On Friday morning, the Bureau of Labor Statistics released jobs numbers that offered unqualified good news about the state of the American economy in February. Analysts had expected to find that the economy added about 200,000 jobs last month, but the tally topped 313,000, the highest number since President Trump was inaugurated.
Gains of more than 300,000 jobs happen fairly regularly, but the last time the country saw such a large gain while unemployment was so low — the rate remained at 4.1 percent for the fifth straight month — was during the economic boom of the 1990s.
That employment gain wasn’t the only good news the report contained. Other points that might soon make their way into a presidential tweet:
Jobs numbers from December and January were adjusted upward
The Labor Department’s jobs estimates aren’t final until two months after their initial releases (meaning that the February count of 313,000 could go higher — or fall). But the revisions to the initial numbers for December and January were both good. The country added 15,000 more jobs in December than estimated last month, and 39,000 more jobs in January. That’s a gain of 54,000 more jobs over those two months.
As The Washington Post’s Danielle Paquette notes, those numbers went up even though 18 states boosted the minimum wage at the beginning of the year.
The unemployment rate for African Americans fell, approaching its record low
Trump had taken to celebrating the continuing decline in black and Hispanic unemployment, often implying that the record lows were a function of his efforts. That rhetoric was muddied in January when the unemployment rate for African Americans spiked. But it’s a volatile measure. In February, the rate was 6.9 percent, still above the 6.8 percent low seen in December, but better than the 7.7 percent in January.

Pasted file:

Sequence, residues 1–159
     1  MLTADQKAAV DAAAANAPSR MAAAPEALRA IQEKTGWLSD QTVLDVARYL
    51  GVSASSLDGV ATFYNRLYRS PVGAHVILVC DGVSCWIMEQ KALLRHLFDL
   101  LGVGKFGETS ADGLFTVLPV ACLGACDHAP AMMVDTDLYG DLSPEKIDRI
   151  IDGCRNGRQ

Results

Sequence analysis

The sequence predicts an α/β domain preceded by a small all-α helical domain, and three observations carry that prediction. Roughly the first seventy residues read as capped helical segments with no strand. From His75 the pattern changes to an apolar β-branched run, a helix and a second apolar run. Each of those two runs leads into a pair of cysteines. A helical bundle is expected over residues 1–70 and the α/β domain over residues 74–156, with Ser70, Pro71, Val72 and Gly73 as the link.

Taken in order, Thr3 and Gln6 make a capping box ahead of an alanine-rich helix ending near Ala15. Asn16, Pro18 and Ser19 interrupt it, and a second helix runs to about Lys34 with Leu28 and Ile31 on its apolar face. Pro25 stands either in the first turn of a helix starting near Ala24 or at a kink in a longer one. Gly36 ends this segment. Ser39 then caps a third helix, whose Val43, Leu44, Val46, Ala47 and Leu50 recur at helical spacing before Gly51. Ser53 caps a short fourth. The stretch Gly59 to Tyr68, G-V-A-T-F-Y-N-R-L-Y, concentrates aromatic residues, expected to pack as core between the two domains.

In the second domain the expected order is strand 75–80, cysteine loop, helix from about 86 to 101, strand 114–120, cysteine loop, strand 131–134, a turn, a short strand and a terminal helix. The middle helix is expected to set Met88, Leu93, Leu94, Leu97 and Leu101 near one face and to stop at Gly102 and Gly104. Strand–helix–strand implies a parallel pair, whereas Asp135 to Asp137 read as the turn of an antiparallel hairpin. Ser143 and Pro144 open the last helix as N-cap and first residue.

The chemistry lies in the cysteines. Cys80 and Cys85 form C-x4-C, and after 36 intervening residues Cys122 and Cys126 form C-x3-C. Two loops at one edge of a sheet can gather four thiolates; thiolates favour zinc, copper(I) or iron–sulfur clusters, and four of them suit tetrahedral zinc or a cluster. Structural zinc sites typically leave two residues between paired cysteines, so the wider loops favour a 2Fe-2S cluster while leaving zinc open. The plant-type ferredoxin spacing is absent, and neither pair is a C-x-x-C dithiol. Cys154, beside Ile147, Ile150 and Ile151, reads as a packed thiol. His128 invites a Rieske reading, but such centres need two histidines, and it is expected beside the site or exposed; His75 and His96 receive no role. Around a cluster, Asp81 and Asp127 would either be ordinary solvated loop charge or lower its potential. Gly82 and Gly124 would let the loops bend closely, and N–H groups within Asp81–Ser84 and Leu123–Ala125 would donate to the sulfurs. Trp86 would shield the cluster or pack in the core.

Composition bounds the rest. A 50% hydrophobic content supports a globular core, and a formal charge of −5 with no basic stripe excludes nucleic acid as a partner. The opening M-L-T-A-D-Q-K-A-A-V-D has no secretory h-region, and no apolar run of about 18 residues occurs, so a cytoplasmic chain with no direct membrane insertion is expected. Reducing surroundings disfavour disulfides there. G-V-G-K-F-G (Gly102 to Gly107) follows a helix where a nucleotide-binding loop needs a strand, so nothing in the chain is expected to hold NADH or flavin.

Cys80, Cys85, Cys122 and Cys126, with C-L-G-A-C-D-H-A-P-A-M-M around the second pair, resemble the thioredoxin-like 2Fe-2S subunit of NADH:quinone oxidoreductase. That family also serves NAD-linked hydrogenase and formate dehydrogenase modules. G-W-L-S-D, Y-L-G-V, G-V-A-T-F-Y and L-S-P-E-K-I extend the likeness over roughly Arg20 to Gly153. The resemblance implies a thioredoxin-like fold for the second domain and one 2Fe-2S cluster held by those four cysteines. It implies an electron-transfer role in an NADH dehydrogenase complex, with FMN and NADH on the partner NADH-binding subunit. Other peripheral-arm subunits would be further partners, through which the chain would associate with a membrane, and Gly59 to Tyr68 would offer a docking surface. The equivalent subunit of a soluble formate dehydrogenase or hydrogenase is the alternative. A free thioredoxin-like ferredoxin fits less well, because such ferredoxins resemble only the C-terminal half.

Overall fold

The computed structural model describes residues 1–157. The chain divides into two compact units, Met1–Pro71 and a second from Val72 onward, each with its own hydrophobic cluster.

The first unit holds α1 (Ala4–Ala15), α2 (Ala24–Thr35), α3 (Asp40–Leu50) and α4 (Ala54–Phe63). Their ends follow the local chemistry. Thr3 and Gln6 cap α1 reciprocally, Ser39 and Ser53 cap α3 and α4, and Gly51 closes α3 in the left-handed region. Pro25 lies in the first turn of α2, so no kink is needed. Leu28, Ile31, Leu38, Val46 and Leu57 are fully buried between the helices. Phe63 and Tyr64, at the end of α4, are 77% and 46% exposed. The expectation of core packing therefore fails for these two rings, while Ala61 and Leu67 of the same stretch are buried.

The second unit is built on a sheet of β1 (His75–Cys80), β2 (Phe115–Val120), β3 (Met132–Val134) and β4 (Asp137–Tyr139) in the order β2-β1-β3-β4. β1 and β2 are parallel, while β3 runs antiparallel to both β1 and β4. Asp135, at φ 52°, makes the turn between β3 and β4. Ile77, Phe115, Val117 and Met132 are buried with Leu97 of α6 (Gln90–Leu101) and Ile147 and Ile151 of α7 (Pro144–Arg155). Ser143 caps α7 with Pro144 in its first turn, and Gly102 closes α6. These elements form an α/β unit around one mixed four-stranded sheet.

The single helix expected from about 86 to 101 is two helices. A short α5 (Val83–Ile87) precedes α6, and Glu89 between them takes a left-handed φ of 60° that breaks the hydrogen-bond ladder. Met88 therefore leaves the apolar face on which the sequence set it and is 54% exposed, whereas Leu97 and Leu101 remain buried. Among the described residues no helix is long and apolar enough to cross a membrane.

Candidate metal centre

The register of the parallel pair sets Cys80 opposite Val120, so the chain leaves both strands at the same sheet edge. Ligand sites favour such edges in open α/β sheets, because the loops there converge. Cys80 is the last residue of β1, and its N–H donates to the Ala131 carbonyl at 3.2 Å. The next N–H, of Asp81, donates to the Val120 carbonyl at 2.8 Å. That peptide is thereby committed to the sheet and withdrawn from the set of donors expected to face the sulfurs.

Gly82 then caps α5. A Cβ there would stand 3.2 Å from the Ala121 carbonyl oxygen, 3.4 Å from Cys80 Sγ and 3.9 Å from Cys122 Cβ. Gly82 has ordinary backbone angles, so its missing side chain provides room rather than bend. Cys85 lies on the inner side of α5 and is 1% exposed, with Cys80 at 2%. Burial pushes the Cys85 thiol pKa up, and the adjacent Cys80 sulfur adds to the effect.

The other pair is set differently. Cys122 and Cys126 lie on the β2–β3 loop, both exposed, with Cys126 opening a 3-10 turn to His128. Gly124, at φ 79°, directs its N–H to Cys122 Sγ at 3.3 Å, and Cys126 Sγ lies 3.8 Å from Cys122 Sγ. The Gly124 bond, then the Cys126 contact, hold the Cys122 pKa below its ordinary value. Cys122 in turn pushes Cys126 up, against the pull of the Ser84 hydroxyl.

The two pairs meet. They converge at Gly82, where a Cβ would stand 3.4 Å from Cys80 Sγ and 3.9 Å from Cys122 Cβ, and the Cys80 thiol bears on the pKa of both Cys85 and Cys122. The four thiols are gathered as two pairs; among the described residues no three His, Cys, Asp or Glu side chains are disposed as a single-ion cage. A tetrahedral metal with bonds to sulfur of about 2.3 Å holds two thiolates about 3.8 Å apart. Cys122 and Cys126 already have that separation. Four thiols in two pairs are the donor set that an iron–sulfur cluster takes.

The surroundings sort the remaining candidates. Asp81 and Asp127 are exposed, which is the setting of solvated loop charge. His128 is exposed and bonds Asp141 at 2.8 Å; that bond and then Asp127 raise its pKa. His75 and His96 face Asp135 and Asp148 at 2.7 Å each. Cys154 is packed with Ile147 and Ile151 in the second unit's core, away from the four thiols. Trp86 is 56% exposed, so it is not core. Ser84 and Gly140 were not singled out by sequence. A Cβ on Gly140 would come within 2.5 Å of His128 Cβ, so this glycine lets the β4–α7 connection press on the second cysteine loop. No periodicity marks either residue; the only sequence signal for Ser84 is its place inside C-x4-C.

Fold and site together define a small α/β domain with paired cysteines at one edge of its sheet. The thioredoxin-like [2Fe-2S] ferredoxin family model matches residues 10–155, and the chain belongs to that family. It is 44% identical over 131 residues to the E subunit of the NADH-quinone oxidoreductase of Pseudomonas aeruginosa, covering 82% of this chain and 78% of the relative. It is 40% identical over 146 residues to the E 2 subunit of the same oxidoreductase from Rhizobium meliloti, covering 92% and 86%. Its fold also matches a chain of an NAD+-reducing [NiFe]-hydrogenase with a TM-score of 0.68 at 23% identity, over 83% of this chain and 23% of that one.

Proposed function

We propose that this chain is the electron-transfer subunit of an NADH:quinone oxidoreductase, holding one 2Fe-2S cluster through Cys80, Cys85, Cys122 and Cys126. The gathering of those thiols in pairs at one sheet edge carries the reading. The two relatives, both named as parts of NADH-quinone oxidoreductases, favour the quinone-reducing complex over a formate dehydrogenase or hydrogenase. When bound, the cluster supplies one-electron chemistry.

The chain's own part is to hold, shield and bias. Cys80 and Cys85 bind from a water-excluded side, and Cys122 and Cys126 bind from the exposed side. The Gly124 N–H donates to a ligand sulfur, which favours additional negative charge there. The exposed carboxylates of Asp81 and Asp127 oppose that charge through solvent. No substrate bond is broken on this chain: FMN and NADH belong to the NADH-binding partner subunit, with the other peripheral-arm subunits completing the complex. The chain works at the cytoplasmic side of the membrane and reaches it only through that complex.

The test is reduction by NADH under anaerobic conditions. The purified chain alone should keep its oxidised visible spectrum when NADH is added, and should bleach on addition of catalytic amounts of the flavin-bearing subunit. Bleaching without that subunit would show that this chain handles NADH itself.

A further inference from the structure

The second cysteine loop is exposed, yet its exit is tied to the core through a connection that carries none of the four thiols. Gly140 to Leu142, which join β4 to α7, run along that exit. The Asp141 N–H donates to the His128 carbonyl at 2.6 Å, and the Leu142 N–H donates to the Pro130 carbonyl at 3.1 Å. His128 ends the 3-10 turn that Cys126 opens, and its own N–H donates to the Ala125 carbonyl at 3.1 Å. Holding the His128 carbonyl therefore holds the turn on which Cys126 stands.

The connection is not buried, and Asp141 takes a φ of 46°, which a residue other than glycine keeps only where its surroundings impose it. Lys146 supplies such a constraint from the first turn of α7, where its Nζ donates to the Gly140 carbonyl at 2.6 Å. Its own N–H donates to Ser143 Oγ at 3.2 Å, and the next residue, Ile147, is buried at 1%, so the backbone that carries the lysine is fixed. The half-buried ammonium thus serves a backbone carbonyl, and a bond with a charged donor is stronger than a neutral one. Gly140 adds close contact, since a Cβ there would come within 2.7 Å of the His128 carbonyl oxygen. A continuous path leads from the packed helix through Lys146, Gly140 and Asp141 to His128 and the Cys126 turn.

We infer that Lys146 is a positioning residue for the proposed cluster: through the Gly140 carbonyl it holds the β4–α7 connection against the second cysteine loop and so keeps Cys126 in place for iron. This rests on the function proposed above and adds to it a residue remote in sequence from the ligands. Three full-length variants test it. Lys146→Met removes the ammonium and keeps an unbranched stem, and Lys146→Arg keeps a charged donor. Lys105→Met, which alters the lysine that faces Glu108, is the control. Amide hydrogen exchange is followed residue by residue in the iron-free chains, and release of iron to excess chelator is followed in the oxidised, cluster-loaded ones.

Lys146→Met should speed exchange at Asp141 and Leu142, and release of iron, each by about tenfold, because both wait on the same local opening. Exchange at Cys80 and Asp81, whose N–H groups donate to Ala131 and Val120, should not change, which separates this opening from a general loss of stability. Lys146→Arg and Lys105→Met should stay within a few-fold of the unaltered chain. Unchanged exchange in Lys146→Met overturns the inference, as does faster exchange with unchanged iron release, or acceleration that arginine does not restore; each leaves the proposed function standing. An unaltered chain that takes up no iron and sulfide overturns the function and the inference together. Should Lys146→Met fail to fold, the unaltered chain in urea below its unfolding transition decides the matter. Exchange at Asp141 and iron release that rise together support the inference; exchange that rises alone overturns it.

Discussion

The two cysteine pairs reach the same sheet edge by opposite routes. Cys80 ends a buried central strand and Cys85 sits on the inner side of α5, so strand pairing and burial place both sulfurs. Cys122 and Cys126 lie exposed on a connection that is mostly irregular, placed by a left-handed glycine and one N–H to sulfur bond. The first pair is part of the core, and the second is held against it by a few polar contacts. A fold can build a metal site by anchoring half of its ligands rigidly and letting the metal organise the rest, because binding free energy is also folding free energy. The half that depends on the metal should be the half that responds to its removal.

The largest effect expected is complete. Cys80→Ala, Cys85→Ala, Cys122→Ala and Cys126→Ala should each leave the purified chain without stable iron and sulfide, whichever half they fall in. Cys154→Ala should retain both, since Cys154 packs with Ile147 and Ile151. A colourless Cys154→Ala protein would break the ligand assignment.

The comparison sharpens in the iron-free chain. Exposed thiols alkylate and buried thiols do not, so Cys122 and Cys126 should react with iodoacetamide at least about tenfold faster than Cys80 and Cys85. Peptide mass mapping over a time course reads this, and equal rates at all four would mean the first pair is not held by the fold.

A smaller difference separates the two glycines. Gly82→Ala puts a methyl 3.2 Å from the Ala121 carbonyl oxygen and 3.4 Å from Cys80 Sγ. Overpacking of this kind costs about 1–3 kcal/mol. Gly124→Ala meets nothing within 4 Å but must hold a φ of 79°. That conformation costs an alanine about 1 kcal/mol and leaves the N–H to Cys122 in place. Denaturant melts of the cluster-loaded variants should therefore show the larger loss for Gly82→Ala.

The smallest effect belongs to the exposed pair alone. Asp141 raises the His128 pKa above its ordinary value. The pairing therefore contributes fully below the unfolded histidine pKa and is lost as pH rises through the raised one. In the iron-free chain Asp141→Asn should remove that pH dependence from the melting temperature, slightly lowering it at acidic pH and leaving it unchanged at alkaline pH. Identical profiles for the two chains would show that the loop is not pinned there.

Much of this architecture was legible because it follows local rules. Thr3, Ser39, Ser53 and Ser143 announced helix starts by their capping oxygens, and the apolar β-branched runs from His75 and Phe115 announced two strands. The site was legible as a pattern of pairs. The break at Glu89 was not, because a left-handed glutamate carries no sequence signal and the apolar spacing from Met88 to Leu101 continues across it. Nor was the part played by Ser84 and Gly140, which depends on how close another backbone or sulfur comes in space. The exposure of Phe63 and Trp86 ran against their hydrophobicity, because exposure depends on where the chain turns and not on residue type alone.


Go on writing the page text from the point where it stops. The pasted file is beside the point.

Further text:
The unemployment rate for black men is the lowest it has been since December 1973. Hispanic unemployment is still near its low.
(Data by gender is for those aged 20 or older.)
More people are looking for work
While the unemployment rate dropped during the Obama administration, critics pointed to another number that was falling: the labor force participation rate, a measure of the number of people who were working or looking for work. The number of eligible people who were part of the labor force had been slipping, partly because of baby boomers heading to retirement. The lower percentage of those saying they couldn’t find work, then, wasn’t including those who had stopped looking at all.
Then that decline stopped. Since late 2013, the labor force participation rate overall has hovered around 63 percent (save a brief dip in 2015). That’s where it was in February. But the labor force participation rate among those of prime working age — 25 to 54 — hit a number not seen since mid-2010.
Wages increased (although not much)
One of the longer-term questions is how continued unemployment will affect wages. The theory is that low unemployment will create more competition for jobs, forcing employers to boost compensation to attract new workers. (Some of the post-tax-cut compensation announcements over the past few months were ultimately credited to this pressure.) In February, average hourly wages rose a modest 4 cents, after a 7-cent increase in January. Year-over-year, the increase was 68 cents, a 2.6 percent increase.
The number of people unemployed for six months or more is near a 10-year low
During the recession, the number of people out of work for an extended period of time quickly spiked. That figure has dropped but more slowly than it had raised.
In February, the number of people out of work for 27 weeks or more dropped below 1.4 million for the first time since early 2008.
That’s good news. Everything above is good news.